Labour infighting boils over amid fears of mauling in by-election
LABOUR has been plunged back into internal bickering as it faces a by-election that could see it fall to fourth place behind Sinn Fein.
The party leadership is irked by attacks from chairman and rebel TD Colm Keaveney on Tanaiste Eamon Gilmore and the party's performance in Government as voters in Meath East prepare to go to the polls.
Labour is preparing for a drubbing in the Meath East by-election this Wednesday and is hoping its candidate Eoin Holmes can hang on to third place.
But senior party sources were almost accepting of the possibility of a fourth-place finish, saying: "These are by-elections, by-elections have a life of their own."
However, the party's nerves will have been settled by weekend opinion polls, which showed its support stabilising.
The Red C poll for the 'Sunday Business Post' had the junior coalition partner up one point to 13pc, with Fine Gael support holding steady on 28pc.
Fianna Fail and Sinn Fein were both down two to 24pc and 14pc respectively, while Independents were up three to 21pc.
The poll provided some relief for Labour after a poll last week had them on 9pc, dipping below the psychologically important 10pc mark.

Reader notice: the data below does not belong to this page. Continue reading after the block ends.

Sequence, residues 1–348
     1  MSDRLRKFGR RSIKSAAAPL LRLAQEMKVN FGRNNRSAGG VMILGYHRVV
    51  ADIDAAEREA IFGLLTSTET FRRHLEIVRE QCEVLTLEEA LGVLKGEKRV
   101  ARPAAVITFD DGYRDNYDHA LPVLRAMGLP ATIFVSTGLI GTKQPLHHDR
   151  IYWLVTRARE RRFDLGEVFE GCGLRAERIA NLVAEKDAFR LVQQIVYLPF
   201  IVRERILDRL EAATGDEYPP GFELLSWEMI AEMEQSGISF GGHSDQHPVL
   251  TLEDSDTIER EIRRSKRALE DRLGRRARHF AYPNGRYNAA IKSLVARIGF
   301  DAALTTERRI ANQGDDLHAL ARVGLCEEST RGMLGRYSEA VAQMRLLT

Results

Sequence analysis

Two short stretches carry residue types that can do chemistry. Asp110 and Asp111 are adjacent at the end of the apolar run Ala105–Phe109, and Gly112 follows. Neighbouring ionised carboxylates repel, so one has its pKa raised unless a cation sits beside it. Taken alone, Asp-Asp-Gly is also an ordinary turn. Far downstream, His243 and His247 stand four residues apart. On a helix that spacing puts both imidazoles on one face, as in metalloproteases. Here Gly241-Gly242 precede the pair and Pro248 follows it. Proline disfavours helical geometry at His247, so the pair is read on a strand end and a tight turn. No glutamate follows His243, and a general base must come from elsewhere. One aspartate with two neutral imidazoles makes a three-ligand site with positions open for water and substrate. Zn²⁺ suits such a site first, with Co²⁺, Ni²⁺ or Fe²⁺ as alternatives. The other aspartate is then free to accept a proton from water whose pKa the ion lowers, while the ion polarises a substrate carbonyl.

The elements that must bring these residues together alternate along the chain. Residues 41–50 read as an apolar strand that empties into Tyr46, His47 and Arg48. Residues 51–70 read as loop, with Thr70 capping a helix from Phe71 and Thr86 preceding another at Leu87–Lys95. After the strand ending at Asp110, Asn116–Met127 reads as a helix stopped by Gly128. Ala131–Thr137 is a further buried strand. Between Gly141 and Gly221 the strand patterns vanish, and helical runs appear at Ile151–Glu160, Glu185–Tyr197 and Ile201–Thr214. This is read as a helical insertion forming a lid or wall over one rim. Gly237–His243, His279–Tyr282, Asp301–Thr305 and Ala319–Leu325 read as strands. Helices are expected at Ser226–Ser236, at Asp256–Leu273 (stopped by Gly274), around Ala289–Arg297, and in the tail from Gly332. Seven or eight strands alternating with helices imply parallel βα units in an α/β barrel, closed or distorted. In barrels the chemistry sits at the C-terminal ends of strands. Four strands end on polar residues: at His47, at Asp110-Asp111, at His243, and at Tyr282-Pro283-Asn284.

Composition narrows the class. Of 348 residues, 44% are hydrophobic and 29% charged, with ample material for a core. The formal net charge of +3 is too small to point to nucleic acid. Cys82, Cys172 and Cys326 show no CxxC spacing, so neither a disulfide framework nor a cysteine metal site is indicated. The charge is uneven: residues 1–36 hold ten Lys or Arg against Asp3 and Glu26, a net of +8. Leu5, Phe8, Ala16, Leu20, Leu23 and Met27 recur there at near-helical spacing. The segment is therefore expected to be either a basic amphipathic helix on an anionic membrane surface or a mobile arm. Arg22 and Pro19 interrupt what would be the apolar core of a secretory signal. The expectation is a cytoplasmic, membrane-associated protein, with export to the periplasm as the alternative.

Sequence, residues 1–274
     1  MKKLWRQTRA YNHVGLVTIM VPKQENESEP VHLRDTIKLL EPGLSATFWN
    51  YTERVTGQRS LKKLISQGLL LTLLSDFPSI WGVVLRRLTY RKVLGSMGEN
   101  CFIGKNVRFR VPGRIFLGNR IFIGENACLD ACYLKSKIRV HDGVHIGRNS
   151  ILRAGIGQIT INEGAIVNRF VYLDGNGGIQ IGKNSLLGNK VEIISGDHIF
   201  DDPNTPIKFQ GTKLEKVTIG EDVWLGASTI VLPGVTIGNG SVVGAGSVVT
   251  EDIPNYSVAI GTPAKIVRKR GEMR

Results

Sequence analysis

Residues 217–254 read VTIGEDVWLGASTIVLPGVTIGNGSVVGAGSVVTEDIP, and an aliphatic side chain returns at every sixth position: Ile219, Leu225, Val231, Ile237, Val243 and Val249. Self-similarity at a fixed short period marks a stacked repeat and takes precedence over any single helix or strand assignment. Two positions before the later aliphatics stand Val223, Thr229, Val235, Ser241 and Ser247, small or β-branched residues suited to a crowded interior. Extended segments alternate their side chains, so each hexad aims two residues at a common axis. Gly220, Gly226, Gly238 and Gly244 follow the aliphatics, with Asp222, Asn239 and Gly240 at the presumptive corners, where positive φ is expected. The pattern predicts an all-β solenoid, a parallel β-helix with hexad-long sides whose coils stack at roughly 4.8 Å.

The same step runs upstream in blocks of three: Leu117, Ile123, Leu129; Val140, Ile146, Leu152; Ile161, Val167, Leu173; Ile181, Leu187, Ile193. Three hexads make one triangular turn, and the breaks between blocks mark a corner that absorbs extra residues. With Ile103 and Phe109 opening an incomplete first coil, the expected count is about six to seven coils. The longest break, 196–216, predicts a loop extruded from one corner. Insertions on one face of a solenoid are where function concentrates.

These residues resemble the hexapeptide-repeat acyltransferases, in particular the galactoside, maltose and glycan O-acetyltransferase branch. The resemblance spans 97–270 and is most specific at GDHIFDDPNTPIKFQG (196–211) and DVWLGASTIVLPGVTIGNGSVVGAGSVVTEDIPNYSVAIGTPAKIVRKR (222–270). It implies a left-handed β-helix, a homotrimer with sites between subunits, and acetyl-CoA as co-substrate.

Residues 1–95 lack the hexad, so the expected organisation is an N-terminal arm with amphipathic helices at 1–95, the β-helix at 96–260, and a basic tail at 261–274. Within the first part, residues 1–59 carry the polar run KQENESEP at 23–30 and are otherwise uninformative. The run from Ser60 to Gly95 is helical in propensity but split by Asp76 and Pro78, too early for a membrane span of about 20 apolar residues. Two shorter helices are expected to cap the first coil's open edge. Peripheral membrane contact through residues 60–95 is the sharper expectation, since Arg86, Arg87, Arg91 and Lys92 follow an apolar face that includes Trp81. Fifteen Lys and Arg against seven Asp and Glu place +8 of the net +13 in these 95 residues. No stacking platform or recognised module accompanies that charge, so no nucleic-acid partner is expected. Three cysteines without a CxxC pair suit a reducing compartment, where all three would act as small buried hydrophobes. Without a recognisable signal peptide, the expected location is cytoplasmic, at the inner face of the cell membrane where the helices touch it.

But Mr Keaveney launched a stinging attack on Labour's policies, saying it hadn't achieved its main policy goals in Government. He also blamed Mr Gilmore for standing over a "worsening" of the issues the party had promised to protect and improve. His statements angered the party leadership.
"It certainly doesn't help when you have the chairman of the party who is supposed to be supporting Eoin Holmes, our candidate, giving out about the party," a senior Labour source said.
Mr Keaveney did not return calls, and the Labour hierarchy is bracing itself for a heavy defeat this Wednesday.
"We're seeing a repeat of the general election, when people come down to what are the most likely winners, and in this case that's Fianna Fail or Fine Gael," the Labour source said.
"It's Fine Gael's to lose; we were never expecting anything much, which is a shame since we have a good candidate."
The bickering between Mr Keaveney and the party leadership echoes the fallout from the Budget, when the Galway East TD lost the whip for voting against child benefit cuts.
At the time, Communications Minister Pat Rabbitte said the party could not have people "pirouetting on the plinth of Leinster House" and "parading their struggle with their conscience".